Cochlear Implants: KEM hospital touches 300 mark, all through donations

300 economically disadvantaged children have undergone cochlear implants at KEM hospital through donations, the highest for a government hospital in Mumbai so far.

By: Express News Service | Mumbai | Published:June 16, 2017 3:17 am
Satyam Shankar Raut was detected with hearing disability when he was one year old. (Express Photo by Ganesh Shirsekar)

Nanded-based Aditya Pimperkhede was two years old when he was first diagnosed with hearing disability. It took his parents two years to get him treated. The boy, now four, managed to undergo a cochlear implant recently, after three organisations contributed for his surgery. Like him, 300 economically disadvantaged children have undergone cochlear implants at KEM hospital through donations, the highest for a government hospital in the city so far.

KEM hospital began its cochlear implant programme in 2007, after which Nair, Sion and Cooper hospital followed suit. With one implant costing Rs 5.8 lakh, the hospital has tied up with at least 82 donors in the past to aid free surgeries for the hearing-impaired. “We went to Hyderabad for treatment. He could hear only a little bit. Because the treatment got delayed, even his speech has been affected,” Aditya’s father Ankush Pimperkhede said.

Aditya is now undergoing speech therapy that will continue for at least two years. According to Dr Hetal Marfatia, head of the ENT department at KEM, cochlear implant is necessary to aid proper hearing for a child born with this disability. “But the diagnosis should be as early as possible after birth. The more the delay, the more difficult it gets to help the child get accustomed to hearing and speech,” she said.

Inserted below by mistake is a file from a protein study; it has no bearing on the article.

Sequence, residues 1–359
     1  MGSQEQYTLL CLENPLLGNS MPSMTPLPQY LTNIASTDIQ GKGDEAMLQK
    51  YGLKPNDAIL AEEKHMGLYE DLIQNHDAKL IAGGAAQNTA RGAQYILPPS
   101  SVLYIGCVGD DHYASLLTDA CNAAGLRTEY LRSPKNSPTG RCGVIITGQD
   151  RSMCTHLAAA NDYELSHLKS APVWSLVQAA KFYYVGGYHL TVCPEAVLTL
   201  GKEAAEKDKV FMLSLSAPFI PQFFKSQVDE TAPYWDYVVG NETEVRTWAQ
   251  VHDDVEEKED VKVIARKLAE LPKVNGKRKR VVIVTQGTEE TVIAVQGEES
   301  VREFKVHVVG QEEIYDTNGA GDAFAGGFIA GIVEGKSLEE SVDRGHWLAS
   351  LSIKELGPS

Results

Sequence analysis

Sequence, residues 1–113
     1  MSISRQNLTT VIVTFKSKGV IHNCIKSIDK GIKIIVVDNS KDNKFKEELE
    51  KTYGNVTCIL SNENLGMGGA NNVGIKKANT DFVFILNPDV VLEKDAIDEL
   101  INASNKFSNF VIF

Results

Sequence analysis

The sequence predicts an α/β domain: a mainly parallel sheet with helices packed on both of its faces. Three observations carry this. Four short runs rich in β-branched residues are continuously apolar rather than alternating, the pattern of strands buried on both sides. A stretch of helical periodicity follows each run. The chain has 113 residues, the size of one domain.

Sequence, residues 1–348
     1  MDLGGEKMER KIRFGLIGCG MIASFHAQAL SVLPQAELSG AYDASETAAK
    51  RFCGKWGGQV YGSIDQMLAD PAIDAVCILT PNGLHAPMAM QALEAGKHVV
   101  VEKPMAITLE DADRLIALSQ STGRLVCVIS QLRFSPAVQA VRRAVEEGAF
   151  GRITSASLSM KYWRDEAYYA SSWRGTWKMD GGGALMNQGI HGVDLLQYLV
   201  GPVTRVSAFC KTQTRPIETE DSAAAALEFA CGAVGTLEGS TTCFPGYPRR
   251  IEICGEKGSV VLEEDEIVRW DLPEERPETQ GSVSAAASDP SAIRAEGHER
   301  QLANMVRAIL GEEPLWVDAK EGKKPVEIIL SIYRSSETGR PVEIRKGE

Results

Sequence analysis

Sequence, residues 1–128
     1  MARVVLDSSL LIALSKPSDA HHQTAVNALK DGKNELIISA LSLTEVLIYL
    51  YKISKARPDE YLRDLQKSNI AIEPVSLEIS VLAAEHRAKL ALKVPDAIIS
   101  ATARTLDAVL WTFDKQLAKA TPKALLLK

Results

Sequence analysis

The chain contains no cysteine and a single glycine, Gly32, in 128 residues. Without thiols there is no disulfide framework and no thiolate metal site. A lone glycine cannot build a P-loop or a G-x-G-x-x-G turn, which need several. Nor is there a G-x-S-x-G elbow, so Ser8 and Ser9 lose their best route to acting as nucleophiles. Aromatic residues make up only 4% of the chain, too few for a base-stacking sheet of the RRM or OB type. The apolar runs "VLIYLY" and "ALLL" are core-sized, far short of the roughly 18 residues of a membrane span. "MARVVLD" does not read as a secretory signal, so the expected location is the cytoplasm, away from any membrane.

Satyam Shankar Raut (3) was detected with hearing disability when he was one year old. The Dahisar boy has not been able to undergo an implant yet. “I got donations from Tata Trust and Siddhivinayak Temple. But I am still short of Rs 30,000 for the surgery,” mother Sanjana Raut says. Funds remain the major impediment in the treatment of several patients. KEM hospital currently has a waiting list of 100 patients.

The process to get donations takes six to eight months. “Since cochlear implant surgery is not state-funded or listed for free for below poverty line patients under the Rajiv Gandhi Jeevandayee Arogya Yojana (RGJAY), several patients are not able to afford the expensive procedure,” said Dr Samir Bhargava, ENT surgeon with Cooper hospital. The procedure is not covered by insurance companies. According to Bhargava, Tamil Nadu, Kerala, Rajasthan, Andhra Pradesh, and Madhya Pradesh governments provide the surgery for free in government hospitals for poor patients.

On Thursday, KEM hospital invited the associate vice-president of Axis Bank and wife of Chief Minister Devendra Fadnavis, Amruta Fadnavis, to mark the ENT department’s completion of 300 cochlear implants. “With help of donors, lives of several patients have improved. Early detection will go a long way to help this disability,” Amruta Fadnavis said. According to Idzes Kundan, the additional municipal commissioner of the BMC, a budgetary provision for cochlear implant surgeries will be made in next year’s BMC budget. “We, till now, largely depended on donations to treat poor patients,” she said.

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